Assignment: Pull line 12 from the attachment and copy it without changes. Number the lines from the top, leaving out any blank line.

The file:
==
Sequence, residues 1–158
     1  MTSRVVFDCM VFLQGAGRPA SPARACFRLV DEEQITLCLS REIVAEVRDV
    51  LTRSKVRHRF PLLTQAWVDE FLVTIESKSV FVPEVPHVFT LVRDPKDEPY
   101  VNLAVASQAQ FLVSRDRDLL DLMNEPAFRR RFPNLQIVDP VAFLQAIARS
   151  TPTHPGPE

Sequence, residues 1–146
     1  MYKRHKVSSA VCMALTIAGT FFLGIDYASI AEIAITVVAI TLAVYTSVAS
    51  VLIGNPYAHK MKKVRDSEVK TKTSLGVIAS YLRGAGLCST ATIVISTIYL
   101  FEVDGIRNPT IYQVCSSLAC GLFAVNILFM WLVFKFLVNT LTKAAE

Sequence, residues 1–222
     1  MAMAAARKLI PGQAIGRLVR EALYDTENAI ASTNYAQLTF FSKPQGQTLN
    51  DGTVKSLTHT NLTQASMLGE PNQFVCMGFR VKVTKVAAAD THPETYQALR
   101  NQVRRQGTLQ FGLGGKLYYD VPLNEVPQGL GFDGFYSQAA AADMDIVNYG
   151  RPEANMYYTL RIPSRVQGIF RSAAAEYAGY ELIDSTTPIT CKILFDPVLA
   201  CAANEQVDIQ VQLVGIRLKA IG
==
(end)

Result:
    51  DGTVKSLTHT NLTQASMLGE PNQFVCMGFR VKVTKVAAAD THPETYQALR